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A spooky, foggy Friday in Morey-Saint-Denis.

On a spooky, foggy Friday, I went to Morey-Saint-Denis. It was almost raining and very damp, good for growing mushrooms. The weather is always like this around the Hospices auction. I tasted at a couple of my favorite domaines including Dujac. (I wish I could buy more of their wines.) Beautiful 2017’s, Gevrey-Chambertin 1er Cru Combottes, Vosne-Romanee er Cru Malconsorts, Clos de la Roche, Clos Saint Denis – almost painfully beautiful. Two thousand seventeen is a lovely and transparent vintage and finally, a plentiful one. The barrels in the cellars are once again full of wine. 

My old friend Pascal Marchand picked me up and we met his wife Amandine at a fantastic Nuits-Saint-Georges restaurant La Cabotte. You always see great winegrowers there and the Friday before the auction it was fully booked. I saw Thibault Liger-Belair and Nicolas Faure and Marie-Andrew and Marie-Christine Mugneret-Gibourg. They all got to try Nicolas Faure’s wonderful Aloxe-Corton. His domaine is all of one hectare and none of them had heard of him or tried his wine. They approved. He was thrilled to get praise from this illustrious group.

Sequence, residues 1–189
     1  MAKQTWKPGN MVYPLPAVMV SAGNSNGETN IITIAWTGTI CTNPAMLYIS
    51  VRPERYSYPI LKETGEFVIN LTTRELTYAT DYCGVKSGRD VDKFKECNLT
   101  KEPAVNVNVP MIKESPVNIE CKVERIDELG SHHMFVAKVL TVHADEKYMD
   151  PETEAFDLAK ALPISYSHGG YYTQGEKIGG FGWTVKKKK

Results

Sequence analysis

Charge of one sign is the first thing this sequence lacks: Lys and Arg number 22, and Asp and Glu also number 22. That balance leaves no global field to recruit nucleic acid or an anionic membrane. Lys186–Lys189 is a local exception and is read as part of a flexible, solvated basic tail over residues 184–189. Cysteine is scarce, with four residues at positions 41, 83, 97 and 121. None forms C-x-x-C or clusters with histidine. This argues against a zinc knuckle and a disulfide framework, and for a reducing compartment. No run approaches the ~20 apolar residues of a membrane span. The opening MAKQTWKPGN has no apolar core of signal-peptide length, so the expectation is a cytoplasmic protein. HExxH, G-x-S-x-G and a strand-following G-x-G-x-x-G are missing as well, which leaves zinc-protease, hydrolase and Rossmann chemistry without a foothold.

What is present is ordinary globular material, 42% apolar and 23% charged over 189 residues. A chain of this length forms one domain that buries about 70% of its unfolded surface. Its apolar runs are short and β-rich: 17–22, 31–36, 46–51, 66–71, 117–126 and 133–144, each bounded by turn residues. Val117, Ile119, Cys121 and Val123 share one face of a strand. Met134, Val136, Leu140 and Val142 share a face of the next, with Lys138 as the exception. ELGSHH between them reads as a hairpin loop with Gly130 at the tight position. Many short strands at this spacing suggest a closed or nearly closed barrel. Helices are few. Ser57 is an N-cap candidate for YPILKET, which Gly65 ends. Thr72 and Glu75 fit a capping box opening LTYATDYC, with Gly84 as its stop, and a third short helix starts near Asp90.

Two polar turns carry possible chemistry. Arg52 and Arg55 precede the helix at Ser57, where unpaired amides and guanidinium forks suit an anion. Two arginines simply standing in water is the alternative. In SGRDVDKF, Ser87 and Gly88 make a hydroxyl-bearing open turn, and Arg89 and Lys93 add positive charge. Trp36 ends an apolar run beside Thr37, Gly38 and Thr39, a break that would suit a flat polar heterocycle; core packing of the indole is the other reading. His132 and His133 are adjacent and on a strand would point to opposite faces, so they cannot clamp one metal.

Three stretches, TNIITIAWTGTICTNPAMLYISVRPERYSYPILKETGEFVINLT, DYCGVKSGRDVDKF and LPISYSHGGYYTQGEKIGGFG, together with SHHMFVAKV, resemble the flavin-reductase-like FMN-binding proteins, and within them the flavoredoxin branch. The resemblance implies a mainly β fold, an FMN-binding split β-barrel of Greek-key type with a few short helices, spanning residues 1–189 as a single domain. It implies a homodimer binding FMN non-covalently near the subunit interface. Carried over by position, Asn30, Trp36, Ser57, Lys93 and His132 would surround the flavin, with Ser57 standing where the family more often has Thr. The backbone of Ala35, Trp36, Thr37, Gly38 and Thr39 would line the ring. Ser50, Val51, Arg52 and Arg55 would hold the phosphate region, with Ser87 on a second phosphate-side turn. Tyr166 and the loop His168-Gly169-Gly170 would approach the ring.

Then, I went back to Marchand-Tawse and tasted the 2017’s with Swedish buyers for the government monopoly. Very nice line up at Marchand-Tawse. Pascal asked me to come back the next day and taste the grand crus. The Swedish monopoly rarely buys any expensive wines so he did not present them to taste. My cab driver told me if I wanted to go from Beaune to Nuits-Saint-Georges on Saturday I would have to take the train because of the first day of “yellow vest” protest, the “gilets jaunes.” He was planning to stay home in Dijon with his wife and kids. As it turned out Pascal drove there in record time – because there were no police on the road.